This is a love letter to the joys of childhood reading, full of enthusiasm and wit, telling the colourful story of our best-loved children’s books, the extraordinary people who created them, and the thousand subtle ways they shape our lives. It also comes packed with brilliant recommendations to inspire the next generation of bookworms and set them on their way.
This impassioned book will bring the unforgettable characters of our collective childhoods back to life – prompting endless re-readings, rediscoveries, and, inevitably, fierce debate. It will also act as an invaluable guide to anyone looking to build a children’s library and wondering where to start, or where to go next.
What I Thought
After Sunflowers In February leaving me feeling a little disappointed I couldn’t have moved on to a better book.
Lucy took me on a journey that I could have written and evoked so many happy memories of past, childhood reads. She shared a brief, interesting history about children’s publishing, along with some humorous family memories.
This book stirred up memories of old favourites as well as some books I had forgotten about. She also shared a couple I haven’t read and intend to seek out if I can. An absolutely brilliant read, especially for self-proclaimed bookworms like me. Highly recommended and easily my favourite read of the year so far.
“Leave us be. We’re fine. More than fine. Reading’s our thing”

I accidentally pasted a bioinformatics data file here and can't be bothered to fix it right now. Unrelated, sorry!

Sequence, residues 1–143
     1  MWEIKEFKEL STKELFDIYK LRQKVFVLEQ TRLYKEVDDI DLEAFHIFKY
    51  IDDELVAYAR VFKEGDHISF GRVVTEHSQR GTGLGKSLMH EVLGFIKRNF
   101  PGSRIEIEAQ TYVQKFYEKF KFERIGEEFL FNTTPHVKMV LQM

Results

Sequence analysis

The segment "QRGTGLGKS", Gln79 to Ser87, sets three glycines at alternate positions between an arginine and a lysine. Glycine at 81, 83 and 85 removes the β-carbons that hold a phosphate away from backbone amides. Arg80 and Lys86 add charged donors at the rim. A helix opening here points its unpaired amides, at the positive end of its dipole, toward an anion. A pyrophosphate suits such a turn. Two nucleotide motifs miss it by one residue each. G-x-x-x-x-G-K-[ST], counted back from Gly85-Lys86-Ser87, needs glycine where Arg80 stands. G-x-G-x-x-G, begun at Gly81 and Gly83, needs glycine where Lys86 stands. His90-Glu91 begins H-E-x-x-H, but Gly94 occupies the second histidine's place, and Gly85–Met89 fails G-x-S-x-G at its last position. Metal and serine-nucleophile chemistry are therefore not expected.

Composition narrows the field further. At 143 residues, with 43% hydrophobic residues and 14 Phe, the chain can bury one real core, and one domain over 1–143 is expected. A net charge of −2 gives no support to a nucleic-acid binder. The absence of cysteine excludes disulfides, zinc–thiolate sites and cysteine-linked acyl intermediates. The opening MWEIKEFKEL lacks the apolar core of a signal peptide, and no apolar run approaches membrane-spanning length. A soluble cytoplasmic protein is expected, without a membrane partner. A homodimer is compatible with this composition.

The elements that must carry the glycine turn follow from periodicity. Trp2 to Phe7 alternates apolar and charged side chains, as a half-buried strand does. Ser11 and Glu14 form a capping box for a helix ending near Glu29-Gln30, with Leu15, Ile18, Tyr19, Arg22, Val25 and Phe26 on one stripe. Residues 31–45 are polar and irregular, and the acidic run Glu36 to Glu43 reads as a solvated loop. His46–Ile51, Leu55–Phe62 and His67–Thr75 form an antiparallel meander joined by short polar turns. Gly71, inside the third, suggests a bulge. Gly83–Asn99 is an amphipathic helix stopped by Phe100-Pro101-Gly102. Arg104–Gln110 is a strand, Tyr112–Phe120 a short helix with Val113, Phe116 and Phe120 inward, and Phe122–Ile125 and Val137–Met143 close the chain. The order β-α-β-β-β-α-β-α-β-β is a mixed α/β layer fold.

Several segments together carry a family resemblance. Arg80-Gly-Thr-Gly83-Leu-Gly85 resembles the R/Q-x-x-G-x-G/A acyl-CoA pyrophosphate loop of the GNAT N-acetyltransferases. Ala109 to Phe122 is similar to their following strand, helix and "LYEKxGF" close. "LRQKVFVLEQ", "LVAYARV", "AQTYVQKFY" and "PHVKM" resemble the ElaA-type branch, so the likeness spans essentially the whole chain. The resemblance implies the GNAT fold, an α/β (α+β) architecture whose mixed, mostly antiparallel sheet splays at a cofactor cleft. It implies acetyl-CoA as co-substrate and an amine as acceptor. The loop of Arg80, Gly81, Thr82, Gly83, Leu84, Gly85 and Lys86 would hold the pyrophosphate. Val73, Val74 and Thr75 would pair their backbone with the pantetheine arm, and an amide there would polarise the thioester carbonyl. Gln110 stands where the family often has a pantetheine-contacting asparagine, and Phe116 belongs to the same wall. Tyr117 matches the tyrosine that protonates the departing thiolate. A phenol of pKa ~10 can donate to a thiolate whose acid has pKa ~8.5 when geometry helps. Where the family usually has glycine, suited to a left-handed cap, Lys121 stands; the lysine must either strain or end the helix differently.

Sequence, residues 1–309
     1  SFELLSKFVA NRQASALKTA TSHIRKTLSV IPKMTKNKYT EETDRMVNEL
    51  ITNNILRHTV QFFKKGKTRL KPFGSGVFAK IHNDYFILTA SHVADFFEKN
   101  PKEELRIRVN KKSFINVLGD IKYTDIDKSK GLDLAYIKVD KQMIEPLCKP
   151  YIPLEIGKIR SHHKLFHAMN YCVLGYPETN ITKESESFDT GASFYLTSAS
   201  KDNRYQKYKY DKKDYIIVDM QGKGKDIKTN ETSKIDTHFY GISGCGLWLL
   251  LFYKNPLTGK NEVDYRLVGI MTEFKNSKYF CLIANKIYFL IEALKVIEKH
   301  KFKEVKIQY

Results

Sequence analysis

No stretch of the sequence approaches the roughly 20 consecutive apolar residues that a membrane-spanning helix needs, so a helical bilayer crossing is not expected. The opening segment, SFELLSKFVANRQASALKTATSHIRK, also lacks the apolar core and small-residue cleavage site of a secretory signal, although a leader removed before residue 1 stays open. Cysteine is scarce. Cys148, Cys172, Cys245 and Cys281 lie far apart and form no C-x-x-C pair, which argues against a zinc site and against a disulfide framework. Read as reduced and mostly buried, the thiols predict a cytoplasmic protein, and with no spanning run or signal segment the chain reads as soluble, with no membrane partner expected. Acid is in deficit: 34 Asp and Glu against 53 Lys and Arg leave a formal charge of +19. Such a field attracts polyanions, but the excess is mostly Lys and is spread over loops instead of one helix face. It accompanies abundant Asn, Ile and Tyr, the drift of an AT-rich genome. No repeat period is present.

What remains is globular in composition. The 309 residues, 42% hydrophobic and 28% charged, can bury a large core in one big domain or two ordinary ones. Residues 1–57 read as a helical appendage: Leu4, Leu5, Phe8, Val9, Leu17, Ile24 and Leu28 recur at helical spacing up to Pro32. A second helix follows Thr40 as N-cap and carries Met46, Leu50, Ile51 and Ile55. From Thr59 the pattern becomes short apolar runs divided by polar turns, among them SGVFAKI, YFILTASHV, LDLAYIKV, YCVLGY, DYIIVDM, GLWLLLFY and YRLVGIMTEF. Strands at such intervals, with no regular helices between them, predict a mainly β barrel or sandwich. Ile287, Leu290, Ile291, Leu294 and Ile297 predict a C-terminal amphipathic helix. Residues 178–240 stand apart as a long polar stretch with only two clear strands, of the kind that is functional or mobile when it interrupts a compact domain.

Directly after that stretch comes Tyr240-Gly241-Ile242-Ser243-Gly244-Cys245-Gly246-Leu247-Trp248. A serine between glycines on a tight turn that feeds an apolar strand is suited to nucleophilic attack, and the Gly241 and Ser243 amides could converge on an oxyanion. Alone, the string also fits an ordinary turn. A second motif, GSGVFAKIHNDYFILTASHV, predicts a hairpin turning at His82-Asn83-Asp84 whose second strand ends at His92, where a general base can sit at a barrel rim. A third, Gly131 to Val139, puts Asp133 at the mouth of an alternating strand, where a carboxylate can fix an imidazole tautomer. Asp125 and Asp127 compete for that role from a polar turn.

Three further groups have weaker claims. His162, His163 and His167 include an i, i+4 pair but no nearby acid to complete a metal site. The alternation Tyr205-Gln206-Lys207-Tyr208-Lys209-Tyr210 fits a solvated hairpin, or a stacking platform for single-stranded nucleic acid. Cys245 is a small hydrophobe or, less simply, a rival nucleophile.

“‘Pallid’ says my sister, peering over my shoulder as I type this. ‘Bespectacled, Friendless.’ Which is also true.And yet, who needed flesh-and-blood friends when I had Jo March, Charlotte, Wilbur and everyone at Malory Towers at my beck and call?”
“you simply never know what a child is going to find in a book (or a graphic novel, or a comic, or whatever) – what tiny, throwaway line might be the spark that lights the fuse that sets off an explosion in understanding whose force echoes through the years”
“‘He’s reading!’ More often than not, I tiptoe back to watch. I can practically see the stream of glittering words flowing into his mind, giving him new names for things, teaching him in some fundamental way that nothing else can manage”
“At most they will spend a few days tapping the backs of wardrobes hopefully (yes, I did – well, only the old wooden one in the spare room. All the others in the house were white-melamine-covered chipboard)”
“Sendak’s favourite fan, though, was a little boy who sent him a card with a little drawing on it. Out of respect for a fellow artist, Sendak went to some trouble with his reply and included a little drawing of his own – of a wild thing – to the boy. He got a letter back from the boy’s mother which said ‘Jim loved your card so much he ate it.’ Sendak considered it the highest compliment he had ever been paid. ‘He didn’t care that it was an original Maurice Sendak drawing or anything. He saw it, he loved it, he ate it.'”
Eleanor Oliphant Is Completely Fine by Gail Honeyman (Audible – narrated by Cathleen McCarron)